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Information Acquisition and Financial Advice

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Abstract

This paper studies the interplay between the investor’s incentives to delegate her asset allocation choice to a biased financial advisor, and the advisor’s decision to acquire information about multiple characteristics of the risky asset. We show that, to prevent unprofitable investments, the investor may delegate to the advisor imposing a cap on the amount of wealth that the advisor can invest. This cap (i) is decreasing in the magnitude of the conflict of interests between the investor and the advisor and (ii) may be lower when the advisor possesses more information. Interestingly, although the investor always prefers a more-informed advisor, the advisor may choose not to acquire full information, and reducing the conflict of interests with the investor may actually induce the advisor to acquire less information.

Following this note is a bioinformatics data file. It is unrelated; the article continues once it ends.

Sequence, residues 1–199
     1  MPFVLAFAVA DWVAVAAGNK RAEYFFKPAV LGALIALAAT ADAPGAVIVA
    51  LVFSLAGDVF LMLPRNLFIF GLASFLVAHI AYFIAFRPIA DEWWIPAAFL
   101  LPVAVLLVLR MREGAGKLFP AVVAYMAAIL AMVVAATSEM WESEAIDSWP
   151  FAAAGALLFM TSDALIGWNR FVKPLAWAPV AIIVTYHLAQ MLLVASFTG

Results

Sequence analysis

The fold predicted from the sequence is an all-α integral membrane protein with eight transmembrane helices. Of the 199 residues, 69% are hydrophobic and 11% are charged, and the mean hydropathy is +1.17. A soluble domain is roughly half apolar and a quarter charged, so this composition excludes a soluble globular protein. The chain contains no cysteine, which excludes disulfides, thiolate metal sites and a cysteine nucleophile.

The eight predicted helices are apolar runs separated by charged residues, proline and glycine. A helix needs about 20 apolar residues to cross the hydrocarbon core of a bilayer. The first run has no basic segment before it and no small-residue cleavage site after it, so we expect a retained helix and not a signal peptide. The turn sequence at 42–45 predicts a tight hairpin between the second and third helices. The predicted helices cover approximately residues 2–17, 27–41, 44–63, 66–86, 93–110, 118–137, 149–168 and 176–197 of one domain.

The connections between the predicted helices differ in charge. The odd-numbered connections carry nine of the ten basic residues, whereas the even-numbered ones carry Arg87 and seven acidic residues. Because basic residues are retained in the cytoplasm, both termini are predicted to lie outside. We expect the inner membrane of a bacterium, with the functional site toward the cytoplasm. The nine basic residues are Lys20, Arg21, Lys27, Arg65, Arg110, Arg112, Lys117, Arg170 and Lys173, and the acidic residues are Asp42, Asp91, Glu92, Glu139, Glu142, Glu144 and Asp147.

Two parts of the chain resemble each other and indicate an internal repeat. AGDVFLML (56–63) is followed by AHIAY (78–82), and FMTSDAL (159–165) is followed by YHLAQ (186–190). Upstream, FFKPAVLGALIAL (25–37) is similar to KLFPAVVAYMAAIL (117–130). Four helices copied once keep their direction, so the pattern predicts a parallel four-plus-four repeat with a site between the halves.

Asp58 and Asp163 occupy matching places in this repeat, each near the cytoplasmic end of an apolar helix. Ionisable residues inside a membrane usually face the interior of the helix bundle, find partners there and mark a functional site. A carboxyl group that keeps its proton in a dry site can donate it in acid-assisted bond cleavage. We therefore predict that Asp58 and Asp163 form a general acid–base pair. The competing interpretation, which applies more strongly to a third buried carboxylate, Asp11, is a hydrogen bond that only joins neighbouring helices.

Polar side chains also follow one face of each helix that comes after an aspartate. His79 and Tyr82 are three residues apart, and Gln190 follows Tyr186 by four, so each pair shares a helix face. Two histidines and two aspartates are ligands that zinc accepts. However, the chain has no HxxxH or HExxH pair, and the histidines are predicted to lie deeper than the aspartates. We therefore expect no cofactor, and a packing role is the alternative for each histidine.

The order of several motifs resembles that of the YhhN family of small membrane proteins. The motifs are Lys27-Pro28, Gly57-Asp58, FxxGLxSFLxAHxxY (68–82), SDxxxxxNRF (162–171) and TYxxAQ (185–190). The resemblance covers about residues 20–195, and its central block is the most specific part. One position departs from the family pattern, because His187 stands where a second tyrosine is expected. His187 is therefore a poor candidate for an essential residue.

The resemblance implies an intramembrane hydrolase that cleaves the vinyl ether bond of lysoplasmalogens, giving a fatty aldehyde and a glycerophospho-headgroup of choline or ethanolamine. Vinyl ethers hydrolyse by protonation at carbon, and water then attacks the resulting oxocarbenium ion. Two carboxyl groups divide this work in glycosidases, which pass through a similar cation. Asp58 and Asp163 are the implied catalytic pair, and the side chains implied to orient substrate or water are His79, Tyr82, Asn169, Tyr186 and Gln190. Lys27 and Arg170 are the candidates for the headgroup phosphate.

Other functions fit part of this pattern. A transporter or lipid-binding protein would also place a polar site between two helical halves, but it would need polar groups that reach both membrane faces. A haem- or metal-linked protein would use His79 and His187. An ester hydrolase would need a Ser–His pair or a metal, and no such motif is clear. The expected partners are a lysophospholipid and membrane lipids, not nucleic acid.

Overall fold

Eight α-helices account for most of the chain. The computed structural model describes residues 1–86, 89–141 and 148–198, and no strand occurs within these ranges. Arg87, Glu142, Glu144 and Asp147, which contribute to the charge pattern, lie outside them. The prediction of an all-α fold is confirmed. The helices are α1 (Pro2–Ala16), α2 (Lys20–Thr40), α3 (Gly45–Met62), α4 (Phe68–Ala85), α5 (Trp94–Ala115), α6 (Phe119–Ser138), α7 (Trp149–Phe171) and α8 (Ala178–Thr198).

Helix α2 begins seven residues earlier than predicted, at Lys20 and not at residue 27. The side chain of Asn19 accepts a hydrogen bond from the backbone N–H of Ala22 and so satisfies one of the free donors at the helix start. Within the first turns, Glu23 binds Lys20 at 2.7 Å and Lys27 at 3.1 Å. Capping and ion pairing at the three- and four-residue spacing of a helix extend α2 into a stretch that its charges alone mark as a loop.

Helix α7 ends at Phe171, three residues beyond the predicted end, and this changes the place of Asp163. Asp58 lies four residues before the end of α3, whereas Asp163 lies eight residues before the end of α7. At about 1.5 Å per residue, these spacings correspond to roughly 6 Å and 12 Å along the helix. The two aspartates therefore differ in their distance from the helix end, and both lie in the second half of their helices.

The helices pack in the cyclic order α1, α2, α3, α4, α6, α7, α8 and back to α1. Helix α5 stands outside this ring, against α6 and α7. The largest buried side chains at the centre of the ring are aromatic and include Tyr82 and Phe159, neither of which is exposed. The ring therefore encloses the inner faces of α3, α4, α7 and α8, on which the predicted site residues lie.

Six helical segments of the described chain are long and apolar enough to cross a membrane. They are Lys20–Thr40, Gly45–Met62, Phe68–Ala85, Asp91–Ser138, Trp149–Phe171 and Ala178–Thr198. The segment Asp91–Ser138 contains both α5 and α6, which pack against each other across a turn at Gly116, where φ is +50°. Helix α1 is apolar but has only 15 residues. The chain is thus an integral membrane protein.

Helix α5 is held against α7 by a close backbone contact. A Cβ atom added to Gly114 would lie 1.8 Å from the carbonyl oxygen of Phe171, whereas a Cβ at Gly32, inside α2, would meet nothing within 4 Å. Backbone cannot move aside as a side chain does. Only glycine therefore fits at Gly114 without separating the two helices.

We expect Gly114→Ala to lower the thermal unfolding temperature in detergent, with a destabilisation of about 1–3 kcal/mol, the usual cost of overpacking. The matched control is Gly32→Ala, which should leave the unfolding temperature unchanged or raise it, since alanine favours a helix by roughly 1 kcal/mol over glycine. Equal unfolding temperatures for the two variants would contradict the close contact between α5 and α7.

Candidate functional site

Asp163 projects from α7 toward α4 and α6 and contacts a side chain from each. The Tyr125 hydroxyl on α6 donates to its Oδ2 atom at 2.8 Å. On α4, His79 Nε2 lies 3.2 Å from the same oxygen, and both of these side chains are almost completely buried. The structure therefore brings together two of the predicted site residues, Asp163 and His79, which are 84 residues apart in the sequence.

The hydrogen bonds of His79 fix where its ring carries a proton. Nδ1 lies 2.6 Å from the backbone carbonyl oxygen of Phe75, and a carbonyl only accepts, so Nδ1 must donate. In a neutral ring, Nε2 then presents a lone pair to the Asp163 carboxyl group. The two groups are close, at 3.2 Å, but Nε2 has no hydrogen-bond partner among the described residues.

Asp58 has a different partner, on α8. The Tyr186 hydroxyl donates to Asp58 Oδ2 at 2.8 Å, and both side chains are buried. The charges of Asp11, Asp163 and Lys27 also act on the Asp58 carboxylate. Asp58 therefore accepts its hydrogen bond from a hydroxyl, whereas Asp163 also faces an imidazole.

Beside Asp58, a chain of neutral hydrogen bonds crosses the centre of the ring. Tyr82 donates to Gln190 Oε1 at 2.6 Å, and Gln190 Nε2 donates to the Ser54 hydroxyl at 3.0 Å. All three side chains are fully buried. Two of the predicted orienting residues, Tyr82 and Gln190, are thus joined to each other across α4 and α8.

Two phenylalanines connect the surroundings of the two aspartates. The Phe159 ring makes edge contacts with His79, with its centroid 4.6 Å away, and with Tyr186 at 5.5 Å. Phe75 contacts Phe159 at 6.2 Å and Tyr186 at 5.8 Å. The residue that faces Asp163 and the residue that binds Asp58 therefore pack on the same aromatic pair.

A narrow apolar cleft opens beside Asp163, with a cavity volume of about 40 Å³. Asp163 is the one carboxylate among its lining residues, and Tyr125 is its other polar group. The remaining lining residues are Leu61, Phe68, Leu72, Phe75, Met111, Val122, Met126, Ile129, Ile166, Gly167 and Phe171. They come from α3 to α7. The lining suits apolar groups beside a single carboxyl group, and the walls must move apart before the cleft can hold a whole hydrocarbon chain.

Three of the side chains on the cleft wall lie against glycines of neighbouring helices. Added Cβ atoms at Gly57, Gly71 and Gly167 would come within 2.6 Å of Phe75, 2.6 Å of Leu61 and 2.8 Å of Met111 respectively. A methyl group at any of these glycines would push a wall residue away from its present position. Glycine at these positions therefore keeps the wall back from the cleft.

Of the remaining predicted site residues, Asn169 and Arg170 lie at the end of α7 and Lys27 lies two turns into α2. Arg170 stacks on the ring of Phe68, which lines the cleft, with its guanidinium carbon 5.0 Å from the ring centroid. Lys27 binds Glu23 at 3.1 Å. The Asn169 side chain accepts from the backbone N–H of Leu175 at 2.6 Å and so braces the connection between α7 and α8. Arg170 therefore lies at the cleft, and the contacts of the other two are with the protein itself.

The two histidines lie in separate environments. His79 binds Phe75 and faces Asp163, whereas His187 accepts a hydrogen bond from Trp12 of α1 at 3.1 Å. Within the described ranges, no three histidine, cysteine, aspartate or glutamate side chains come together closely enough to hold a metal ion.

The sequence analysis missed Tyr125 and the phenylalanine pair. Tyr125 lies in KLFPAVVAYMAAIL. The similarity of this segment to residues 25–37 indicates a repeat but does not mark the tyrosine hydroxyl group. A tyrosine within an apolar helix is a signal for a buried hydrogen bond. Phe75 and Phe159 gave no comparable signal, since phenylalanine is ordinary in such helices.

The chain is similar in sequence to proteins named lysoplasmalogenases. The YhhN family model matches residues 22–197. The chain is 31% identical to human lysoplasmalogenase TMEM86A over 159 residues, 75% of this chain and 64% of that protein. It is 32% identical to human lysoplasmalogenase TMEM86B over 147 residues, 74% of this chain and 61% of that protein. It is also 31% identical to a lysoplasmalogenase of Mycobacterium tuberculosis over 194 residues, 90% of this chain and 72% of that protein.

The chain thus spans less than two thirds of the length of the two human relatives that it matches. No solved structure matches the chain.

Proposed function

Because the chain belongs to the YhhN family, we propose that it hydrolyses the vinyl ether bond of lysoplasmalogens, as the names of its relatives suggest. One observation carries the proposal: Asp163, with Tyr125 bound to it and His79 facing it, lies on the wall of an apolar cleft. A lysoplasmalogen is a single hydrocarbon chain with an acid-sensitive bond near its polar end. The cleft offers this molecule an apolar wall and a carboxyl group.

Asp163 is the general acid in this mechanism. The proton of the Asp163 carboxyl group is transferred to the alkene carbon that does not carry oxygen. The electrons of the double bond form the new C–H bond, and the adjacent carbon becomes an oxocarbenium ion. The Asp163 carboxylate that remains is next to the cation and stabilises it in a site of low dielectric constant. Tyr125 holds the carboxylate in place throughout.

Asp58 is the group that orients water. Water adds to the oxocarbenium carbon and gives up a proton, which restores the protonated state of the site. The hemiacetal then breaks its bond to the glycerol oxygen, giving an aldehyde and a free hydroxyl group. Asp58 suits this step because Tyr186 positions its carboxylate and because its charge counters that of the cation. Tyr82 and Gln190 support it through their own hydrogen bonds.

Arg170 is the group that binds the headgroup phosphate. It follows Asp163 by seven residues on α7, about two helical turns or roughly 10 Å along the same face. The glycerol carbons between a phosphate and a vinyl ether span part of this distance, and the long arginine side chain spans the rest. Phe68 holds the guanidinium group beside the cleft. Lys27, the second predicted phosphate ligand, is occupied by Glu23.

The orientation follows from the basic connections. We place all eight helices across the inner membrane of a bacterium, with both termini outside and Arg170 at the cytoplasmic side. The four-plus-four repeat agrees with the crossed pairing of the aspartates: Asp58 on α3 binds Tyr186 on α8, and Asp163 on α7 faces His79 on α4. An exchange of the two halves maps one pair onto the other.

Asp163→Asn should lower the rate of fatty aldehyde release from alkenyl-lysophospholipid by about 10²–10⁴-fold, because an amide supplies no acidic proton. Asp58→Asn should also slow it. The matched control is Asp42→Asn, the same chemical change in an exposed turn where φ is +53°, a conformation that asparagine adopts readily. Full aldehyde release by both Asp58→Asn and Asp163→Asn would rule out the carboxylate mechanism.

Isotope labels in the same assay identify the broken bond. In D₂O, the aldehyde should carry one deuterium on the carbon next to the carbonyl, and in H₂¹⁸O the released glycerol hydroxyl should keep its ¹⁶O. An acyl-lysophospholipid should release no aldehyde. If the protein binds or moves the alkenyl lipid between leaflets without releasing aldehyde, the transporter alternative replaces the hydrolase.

Suggested Citation

  • Gülen Karakoç & Marco Pagnozzi & Salvatore Piccolo & Giovanni W. Puopolo, 2020. "Information Acquisition and Financial Advice," CSEF Working Papers 587, Centre for Studies in Economics and Finance (CSEF), University of Naples, Italy.
  • Handle: RePEc:sef:csefwp:587
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    References listed on IDEAS

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    More about this item

    Keywords

    Financial Advice; Asset-Allocation; Delegation; Information Acquisition.;
    All these keywords.

    JEL classification:

    • G11 - Financial Economics - - General Financial Markets - - - Portfolio Choice; Investment Decisions
    • G21 - Financial Economics - - Financial Institutions and Services - - - Banks; Other Depository Institutions; Micro Finance Institutions; Mortgages
    • G51 - Financial Economics - - Household Finance - - - Household Savings, Borrowing, Debt, and Wealth
    • D40 - Microeconomics - - Market Structure, Pricing, and Design - - - General
    • D82 - Microeconomics - - Information, Knowledge, and Uncertainty - - - Asymmetric and Private Information; Mechanism Design
    • D83 - Microeconomics - - Information, Knowledge, and Uncertainty - - - Search; Learning; Information and Knowledge; Communication; Belief; Unawareness

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